The B-2 Spirit, also known as the Stealth Bomber, is an American heavy penetration strategic bomber with low observable stealth technology designed to penetrate dense anti-aircraft defenses. It is a flying wing design with a two-person crew. Flying B2 Stealth Bomber should require a pilot to have some mental skills. The bomber can carry both conventional and thermonuclear weapons, including eighty 500-pound (230-kg) JDAM Global Positioning System-guided bombs (Mk 82) and sixteen 2,400-pound (1,100-kg) B83 nuclear bombs.
The B-2 is the only aircraft known to be capable of carrying large air-to-surface standoff weapons while remaining stealthy. During the Carter administration, development began under the “Advanced Technology Bomber” (ATB) project, and its expected performance was one of the reasons for the supersonic B-1A bomber’s cancellation. Although the B-2 Spirit is a stealth bomber, there are a lot of famous warplanes in history that you might want to know. During the Reagan administration, the ATB project was continued, but concerns about delays in its implementation led to the reinstatement of the B-1 program as well. Throughout the development process, program costs increased. Each aircraft cost an average of US$737 million to design and build, according to Northrop, later Northrop Grumman (in 1997 dollars). Spare parts, equipment, retrofitting, and software support cost an average of $929 million per aircraft. In 1997, the total program cost per aircraft was $2.1 billion, which included development, engineering, and testing.
The project was controversial in the United States due to its high capital and operating costs. The Joint Chiefs of Staff and Congress. The end of the Cold War in the latter half of the 1980s drastically reduced the need for aircraft, which had been designed to penetrate Soviet airspace and attack high-value targets. Congress cut plans to buy 132 bombers from 132 to 21 in the late 1980s and 1990s. A B-2 bomber crashed shortly after takeoff in 2008, but the crew ejected safely. The US Air Force still has 20 B-2 bombers in service, with plans to keep them in service until 2058.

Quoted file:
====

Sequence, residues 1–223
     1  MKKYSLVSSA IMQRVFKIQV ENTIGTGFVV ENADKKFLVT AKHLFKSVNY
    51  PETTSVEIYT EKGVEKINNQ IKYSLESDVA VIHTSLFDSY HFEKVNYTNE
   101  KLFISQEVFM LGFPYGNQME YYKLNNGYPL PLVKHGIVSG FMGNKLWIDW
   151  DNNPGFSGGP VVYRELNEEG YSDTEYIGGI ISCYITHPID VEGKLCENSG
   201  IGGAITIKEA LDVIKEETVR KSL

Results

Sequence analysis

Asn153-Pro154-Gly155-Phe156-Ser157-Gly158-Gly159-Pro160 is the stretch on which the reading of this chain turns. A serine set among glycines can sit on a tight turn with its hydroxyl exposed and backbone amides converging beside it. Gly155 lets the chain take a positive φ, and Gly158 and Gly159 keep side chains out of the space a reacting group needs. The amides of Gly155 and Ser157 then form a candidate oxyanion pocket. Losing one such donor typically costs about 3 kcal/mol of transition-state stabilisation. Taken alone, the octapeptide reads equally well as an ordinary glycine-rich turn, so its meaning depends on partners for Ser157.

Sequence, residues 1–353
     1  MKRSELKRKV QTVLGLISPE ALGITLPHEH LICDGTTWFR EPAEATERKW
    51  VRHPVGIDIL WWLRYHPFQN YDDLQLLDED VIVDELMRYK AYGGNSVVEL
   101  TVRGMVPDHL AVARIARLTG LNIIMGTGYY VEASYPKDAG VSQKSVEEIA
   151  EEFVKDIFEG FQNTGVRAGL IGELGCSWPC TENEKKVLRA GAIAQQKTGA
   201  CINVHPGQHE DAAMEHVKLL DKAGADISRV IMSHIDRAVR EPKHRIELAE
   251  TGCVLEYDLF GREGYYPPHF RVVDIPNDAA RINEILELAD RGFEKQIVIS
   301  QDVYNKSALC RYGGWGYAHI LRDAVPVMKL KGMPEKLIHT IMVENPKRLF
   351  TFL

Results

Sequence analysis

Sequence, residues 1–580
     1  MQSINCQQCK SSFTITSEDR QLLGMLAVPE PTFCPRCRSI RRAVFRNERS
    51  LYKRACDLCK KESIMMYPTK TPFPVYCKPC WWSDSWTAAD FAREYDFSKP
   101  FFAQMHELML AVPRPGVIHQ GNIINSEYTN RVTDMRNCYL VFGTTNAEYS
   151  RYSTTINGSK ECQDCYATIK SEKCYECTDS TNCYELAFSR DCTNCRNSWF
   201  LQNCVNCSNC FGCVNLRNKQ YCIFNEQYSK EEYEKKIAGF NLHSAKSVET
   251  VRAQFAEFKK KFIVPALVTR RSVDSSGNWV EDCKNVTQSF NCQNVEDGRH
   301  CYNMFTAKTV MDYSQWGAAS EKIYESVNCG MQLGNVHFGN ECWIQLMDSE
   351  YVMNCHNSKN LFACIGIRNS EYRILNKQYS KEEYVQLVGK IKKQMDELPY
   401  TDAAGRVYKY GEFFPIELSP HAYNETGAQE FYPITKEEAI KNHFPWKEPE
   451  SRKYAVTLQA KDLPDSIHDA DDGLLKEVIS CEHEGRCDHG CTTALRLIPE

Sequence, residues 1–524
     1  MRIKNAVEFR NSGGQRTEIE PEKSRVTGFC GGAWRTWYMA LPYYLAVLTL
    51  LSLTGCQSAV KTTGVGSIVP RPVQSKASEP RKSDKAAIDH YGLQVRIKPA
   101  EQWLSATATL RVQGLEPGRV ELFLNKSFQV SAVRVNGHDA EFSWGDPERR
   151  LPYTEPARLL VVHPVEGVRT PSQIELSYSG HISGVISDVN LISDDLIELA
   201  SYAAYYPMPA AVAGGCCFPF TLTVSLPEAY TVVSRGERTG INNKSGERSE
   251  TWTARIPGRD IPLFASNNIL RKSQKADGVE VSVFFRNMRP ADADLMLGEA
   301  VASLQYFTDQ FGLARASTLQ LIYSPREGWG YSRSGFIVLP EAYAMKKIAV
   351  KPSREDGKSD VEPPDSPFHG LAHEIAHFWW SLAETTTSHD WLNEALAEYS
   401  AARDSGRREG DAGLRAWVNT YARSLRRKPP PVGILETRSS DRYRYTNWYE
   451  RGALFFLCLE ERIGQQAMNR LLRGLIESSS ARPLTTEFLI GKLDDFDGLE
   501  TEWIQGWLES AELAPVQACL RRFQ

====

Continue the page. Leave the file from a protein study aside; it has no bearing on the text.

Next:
With a range of over 6,000 nautical miles (6,900 mi; 11,000 km) on internal fuel and over 10,000 nautical miles (12,000 mi; 19,000 km) with one midair refueling, the B-2 is capable of all-altitude attack missions up to 50,000 feet (15,000 m). After the Lockheed F-117 Nighthawk attack aircraft, it entered service in 1997 as the second aircraft designed with advanced stealth technology. Despite being designed primarily as a nuclear bomber, the B-2 was first used in combat in the Kosovo War in 1999, dropping conventional, non-nuclear ordnance. Later, it was deployed to Iraq and Afghanistan.
The Conceptual Design
The B-2 Spirit was designed to take over the US Air Force’s critical penetration missions, allowing it to travel deep into enemy territory and deploy ordnance, including nuclear weapons. The B-2 is a flying wing aircraft, which means it doesn’t have a fuselage or a tail. The B-2 has significant advantages over previous bombers due to its combination of low-observable technologies, high aerodynamic efficiency, and large payload. Low observability allows for more maneuverability at high altitudes, extending the range and field of view of onboard sensors. According to the US Air Force, its range is approximately 6,000 nautical miles (6,900 mi; 11,000 km). The B-2 refuels every six hours at cruising altitude, consuming up to 50 tons of fuel at a time.